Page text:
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Creating and Maintaining a Useful Digital Portfolio

Lesson 7 of 7

Getting Releases for Your Stock Images


Creating and Maintaining a Useful Digital Portfolio

Lesson 7 of 7

Getting Releases for Your Stock Images


Lesson Info

Getting Releases for Your Stock Images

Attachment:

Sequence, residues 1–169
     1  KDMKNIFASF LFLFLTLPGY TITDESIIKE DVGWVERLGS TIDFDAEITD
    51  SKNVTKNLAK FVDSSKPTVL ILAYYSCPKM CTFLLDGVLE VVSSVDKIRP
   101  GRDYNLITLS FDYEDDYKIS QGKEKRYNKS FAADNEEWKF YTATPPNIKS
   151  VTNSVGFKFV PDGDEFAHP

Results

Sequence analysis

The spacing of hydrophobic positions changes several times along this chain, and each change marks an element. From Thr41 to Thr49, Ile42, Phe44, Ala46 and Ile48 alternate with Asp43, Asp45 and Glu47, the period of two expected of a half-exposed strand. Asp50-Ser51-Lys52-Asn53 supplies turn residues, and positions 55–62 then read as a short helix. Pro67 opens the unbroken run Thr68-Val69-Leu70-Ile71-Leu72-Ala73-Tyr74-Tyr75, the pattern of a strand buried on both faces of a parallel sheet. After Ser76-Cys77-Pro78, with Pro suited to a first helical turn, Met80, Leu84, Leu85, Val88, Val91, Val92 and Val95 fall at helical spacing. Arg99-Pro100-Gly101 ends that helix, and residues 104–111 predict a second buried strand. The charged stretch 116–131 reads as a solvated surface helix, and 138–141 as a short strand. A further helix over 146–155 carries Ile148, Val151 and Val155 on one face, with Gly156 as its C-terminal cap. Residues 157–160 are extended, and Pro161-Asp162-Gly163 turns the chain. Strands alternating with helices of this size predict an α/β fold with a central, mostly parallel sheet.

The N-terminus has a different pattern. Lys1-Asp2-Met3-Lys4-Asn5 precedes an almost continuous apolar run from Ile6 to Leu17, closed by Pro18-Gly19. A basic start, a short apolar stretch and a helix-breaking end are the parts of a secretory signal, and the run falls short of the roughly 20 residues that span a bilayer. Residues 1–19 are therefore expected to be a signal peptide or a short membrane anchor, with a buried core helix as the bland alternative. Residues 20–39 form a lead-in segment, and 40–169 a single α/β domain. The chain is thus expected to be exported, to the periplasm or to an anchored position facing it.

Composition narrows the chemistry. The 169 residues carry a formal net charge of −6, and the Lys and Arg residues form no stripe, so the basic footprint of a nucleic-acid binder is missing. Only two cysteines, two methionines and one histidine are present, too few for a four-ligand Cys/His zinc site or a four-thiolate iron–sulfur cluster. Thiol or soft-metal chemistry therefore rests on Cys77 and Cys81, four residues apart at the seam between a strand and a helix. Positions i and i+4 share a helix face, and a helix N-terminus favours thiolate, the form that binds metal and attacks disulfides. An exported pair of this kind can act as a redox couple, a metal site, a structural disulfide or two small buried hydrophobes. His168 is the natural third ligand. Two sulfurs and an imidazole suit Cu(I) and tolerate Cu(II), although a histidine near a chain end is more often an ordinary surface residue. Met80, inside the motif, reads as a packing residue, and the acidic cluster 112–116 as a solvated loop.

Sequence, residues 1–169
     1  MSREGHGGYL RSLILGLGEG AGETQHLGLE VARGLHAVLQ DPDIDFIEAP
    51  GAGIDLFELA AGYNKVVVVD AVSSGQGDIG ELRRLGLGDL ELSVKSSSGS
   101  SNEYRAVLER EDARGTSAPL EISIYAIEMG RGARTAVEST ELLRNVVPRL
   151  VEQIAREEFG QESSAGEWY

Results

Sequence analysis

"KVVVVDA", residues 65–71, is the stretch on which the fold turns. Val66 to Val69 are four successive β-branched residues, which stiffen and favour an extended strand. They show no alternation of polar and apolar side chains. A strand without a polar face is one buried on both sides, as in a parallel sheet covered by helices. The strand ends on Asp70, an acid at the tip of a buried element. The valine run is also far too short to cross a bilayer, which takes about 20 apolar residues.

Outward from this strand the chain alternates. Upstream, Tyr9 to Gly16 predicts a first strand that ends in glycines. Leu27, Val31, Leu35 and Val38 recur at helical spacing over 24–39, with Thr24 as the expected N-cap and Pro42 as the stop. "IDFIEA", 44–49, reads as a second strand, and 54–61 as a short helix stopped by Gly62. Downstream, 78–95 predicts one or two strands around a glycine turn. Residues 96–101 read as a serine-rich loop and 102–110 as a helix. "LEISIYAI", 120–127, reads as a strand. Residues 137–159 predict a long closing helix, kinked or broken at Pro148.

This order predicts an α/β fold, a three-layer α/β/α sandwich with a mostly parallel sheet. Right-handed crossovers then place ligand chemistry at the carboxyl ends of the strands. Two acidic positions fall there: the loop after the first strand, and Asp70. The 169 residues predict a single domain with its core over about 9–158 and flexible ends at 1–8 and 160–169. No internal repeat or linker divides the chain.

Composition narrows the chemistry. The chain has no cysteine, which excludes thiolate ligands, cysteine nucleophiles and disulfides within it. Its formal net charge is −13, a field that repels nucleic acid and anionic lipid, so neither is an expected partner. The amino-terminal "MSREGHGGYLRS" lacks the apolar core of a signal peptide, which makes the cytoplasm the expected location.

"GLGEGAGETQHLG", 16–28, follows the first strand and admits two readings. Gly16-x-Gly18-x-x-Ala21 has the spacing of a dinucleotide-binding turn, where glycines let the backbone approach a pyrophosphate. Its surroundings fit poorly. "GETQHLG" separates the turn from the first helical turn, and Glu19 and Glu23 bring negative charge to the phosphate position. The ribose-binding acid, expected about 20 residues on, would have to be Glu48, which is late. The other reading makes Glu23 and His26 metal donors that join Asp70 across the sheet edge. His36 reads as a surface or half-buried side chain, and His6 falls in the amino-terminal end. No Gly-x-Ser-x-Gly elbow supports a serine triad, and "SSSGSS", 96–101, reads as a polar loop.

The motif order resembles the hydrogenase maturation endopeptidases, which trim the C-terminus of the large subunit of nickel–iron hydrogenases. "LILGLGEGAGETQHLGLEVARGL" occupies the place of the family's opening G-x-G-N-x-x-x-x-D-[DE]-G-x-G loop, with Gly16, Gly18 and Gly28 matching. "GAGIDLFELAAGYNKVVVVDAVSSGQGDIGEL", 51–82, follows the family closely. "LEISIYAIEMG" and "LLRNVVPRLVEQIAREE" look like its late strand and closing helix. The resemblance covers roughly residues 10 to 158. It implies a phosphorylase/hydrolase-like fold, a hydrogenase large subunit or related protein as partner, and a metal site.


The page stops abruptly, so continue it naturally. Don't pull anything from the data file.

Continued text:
That's where my the photo release comes in. And so I'm going to go back here. So I'm going to my new images. There it is, by the way. I don't need a release for the squirrel. I only need a release for the guy and the girl, and I'm gonna put a release for the location as well. Just because it's one of the It's a late location that's recognizable enough in Phoenix that I paid a fee to be in there to use it. That's how you know you really need a release on a location is if you had to pay to get it. You know you need a release on DSO. I'm clicking on that, and at the bottom, you can see that there's 14 tags so you can see all the remaining tags. There's a lot that needs, like instructional is not a tag that you need. I have the tag in there because when I want to sort for things that I could use for instruction, I use it. But I don't need that. I don't need lecture in there. There's a lot that I can delete. But then I also need to say Yes, there are people here. And so now I need to go in ...